Federal Court Rules Police Can Stop and Search You for Innocent Behavior

under Crime Stories, Personal Injury

By Larry Bodine, Publisher, National Trial Lawyers

Under the U.S. Constitution, the police must have a “reasonable suspicion” of criminal activity before they can stop and search you. But a new ruling by a federal appellate court upended 225 years of legal protection for Americans, saying it is permissible for the cops to stop you for perfectly innocent behavior.

It happened to Cindy Lee Westhoven, who was returning from a shopping trip one evening and taking the scenic route home. She was driving under the speed limit with her hands at the “ten-and-two” position on the steering wheel when a cop started tailing her. He ran her plates and found no warrants for her.

Astonishingly, the court found that this scenario created a reasonable suspicion for an “investigative stop” – because the policeman injected an ominous context that would make anybody look guilty. “Although the factors, in isolation, may be consistent with innocent travel . . . taken together they [may] amount to reasonable suspicion,” the 10th U.S. Circuit Court of Appeals ruled. To view a copy of the ruling, please click here.

Not what the founding fathers had in mind

This result is not what the founding fathers intended when they adopted the Fourth Amendment to the Constitution, which protects citizens against “unreasonable searches and seizures.” Its purpose is to eliminate over-the-top, aggressive behavior by law enforcement by requiring the police to articulate reasonable suspicion in order to make investigatory stops and detentions.
Here are the bogus reasons that the court used to justify the stop, search, and eventual arrest of Cindy Westhoven:

• Her Ford F-150 four-door truck had out-of-state plates, and tinted windows (which are common and perfectly legal where she lives). To the cop, this indicated she might be smuggling illegal aliens.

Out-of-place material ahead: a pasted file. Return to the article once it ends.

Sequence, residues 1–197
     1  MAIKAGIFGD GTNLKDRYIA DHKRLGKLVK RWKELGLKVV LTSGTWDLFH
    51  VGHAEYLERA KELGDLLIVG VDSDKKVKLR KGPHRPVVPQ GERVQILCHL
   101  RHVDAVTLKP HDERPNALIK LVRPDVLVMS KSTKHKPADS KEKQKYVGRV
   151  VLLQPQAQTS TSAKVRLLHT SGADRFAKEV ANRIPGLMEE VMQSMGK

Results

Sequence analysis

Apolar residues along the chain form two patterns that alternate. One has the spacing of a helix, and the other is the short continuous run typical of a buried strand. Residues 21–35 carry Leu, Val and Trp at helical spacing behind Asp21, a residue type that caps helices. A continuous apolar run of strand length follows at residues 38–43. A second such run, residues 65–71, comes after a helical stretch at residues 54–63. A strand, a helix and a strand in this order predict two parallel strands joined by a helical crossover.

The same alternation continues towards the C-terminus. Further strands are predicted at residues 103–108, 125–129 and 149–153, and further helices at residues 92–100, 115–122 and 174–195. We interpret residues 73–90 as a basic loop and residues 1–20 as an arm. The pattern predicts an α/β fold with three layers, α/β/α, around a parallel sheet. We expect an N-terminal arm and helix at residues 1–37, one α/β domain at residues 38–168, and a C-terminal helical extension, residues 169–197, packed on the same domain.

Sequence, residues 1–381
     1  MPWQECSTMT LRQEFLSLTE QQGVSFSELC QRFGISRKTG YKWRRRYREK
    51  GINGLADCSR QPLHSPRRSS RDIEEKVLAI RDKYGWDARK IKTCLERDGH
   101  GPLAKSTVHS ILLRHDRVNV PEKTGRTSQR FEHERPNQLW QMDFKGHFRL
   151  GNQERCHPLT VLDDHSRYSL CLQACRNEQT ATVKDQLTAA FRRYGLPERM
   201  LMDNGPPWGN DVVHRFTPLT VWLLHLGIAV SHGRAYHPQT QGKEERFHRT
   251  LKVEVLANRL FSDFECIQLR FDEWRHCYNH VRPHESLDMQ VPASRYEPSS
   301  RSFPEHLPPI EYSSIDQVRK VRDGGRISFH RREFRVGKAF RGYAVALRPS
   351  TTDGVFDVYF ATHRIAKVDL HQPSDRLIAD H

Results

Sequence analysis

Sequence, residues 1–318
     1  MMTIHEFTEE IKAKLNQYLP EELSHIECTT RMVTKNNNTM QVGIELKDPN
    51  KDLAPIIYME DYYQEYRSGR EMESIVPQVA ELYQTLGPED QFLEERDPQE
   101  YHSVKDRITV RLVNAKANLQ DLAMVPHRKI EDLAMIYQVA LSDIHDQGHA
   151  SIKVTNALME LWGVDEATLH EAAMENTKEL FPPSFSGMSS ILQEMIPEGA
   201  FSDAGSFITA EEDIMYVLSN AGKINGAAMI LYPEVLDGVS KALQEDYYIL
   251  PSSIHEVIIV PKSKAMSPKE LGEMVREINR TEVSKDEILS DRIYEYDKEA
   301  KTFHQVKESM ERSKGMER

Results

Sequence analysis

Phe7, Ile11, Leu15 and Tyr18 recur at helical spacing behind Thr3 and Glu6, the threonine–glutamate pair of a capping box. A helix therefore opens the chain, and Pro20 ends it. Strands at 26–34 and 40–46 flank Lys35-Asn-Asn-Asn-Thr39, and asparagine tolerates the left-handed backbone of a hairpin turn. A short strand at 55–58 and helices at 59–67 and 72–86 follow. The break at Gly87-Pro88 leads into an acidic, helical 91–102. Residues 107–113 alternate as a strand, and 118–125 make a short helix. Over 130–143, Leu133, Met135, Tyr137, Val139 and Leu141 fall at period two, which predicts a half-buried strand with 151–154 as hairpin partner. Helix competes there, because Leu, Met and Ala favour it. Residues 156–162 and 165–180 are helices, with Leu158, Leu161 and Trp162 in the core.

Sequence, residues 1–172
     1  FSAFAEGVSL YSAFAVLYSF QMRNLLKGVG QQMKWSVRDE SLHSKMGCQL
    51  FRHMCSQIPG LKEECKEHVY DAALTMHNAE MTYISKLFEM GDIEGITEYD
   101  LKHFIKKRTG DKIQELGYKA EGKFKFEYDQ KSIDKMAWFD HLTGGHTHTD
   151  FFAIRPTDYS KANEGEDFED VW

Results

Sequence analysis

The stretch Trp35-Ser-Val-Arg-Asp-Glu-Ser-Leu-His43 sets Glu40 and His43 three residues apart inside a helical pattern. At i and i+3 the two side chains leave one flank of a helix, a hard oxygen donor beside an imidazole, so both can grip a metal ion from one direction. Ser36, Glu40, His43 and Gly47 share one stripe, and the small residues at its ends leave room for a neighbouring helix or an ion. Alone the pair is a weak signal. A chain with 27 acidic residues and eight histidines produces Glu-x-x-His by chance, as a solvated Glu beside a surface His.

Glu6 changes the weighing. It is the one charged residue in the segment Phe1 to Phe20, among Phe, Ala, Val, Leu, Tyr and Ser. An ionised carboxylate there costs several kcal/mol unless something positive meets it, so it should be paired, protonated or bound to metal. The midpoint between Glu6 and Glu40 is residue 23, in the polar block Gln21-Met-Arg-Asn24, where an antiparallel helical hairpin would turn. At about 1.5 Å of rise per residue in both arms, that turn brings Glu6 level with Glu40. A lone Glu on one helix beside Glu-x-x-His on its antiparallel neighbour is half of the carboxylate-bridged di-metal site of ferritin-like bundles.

• She was driving on the Route 66 National Scene Byway about 45 miles from the Mexican border, a road used mainly by locals.
• She slowed down when she noticed the cop following her.
• She had scarring and acne on her right cheek, indicating to the policeman that she might be a methamphetamine user.
• The officer was so frightening that when he stopped Westhoven, she became nervous, stuttered, and took long pauses.

She argued that there was no reasonable suspicion to stop her or search her truck – but the court disagreed, and endorsed this expansion of belligerent police action.

Adding context to make you look guilty

Westhoven was driving on scenic Route 80 through New Mexico on April 18, 2012, after shopping in Douglas, AZ, a town known for its handmade crafts and bargains. Border Patrol Agent Joshua Semmerling pulled her over and she presented her driver’s license.

The cop decided the description of her trip was suspicious because “Tucson had better shopping opportunities than Douglas” in his opinion.

“The dark tinted windows on Ms. Westhoven’s truck raised Agent Semmerling’s suspicion that she might be concealing something or someone in the back of her truck,” the court said.
She was driving at 7:45 p.m., which happened to be during a 6 to 8 p.m. patrol shift change. The cop surmised that Westhoven was a smuggler trying to exploit that two-hour window.
What doomed Westhoven in the policeman’s eyes is that she had two cell phones visible, even though many people have one for business and another for personal use. He viewed this as a common practice of drug smugglers.

What should you do if stopped for no reason

Follow the advice of the American Civil Liberties Union about what do to if a cop stops you:

• You have the right to remain silent. If you wish to exercise that right, say so out loud.
• You have the right to refuse consent to a search of yourself, your car, or your home.
• If you are not under arrest, you have the right to calmly leave.
• You have the right to a lawyer if you are arrested. Ask for one immediately.
• Regardless of your immigration or citizenship status, you have constitutional rights.

Larry Bodine of Tucson, Arizona, is a lawyer, journalist and marketer who speaks and writes frequently about law firm marketing. Currently he is the publisher of the National Trial Lawyers and is the former Editor in Chief of Lawyers.com. Readers can follow @Larrybodine on Twitter, on Google+ and on LinkedIn, where he moderates several marketing groups.